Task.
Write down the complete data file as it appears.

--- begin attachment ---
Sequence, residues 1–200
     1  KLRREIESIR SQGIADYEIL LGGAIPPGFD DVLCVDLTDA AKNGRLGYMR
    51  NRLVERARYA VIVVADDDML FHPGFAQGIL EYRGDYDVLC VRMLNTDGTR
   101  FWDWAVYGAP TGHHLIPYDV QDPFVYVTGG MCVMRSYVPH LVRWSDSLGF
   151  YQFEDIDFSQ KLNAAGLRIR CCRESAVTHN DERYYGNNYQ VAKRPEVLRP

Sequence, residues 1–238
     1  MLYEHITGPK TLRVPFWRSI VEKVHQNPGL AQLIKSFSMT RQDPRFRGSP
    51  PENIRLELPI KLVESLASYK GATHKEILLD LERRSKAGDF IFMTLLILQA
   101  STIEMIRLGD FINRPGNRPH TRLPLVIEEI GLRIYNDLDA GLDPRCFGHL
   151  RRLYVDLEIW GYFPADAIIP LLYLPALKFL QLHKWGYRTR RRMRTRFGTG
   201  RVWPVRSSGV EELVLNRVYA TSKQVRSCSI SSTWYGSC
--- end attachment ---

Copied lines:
Sequence, residues 1–200
     1  KLRREIESIR SQGIADYEIL LGGAIPPGFD DVLCVDLTDA AKNGRLGYMR
    51  NRLVERARYA VIVVADDDML FHPGFAQGIL EYRGDYDVLC VRMLNTDGTR
   101  FWDWAVYGAP TGHHLIPYDV QDPFVYVTGG MCVMRSYVPH LVRWSDSLGF
   151  YQFEDIDFSQ KLNAAGLRIR CCRESAVTHN DERYYGNNYQ VAKRPEVLRP

Sequence, residues 1–238
     1  MLYEHITGPK TLRVPFWRSI VEKVHQNPGL AQLIKSFSMT RQDPRFRGSP
    51  PENIRLELPI KLVESLASYK GATHKEILLD LERRSKAGDF IFMTLLILQA
   101  STIEMIRLGD FINRPGNRPH TRLPLVIEEI GLRIYNDLDA GLDPRCFGHL
   151  RRLYVDLEIW GYFPADAIIP LLYLPALKFL QLHKWGYRTR RRMRTRFGTG
   201  RVWPVRSSGV EELVLNRVYA TSKQVRSCSI SSTWYGSC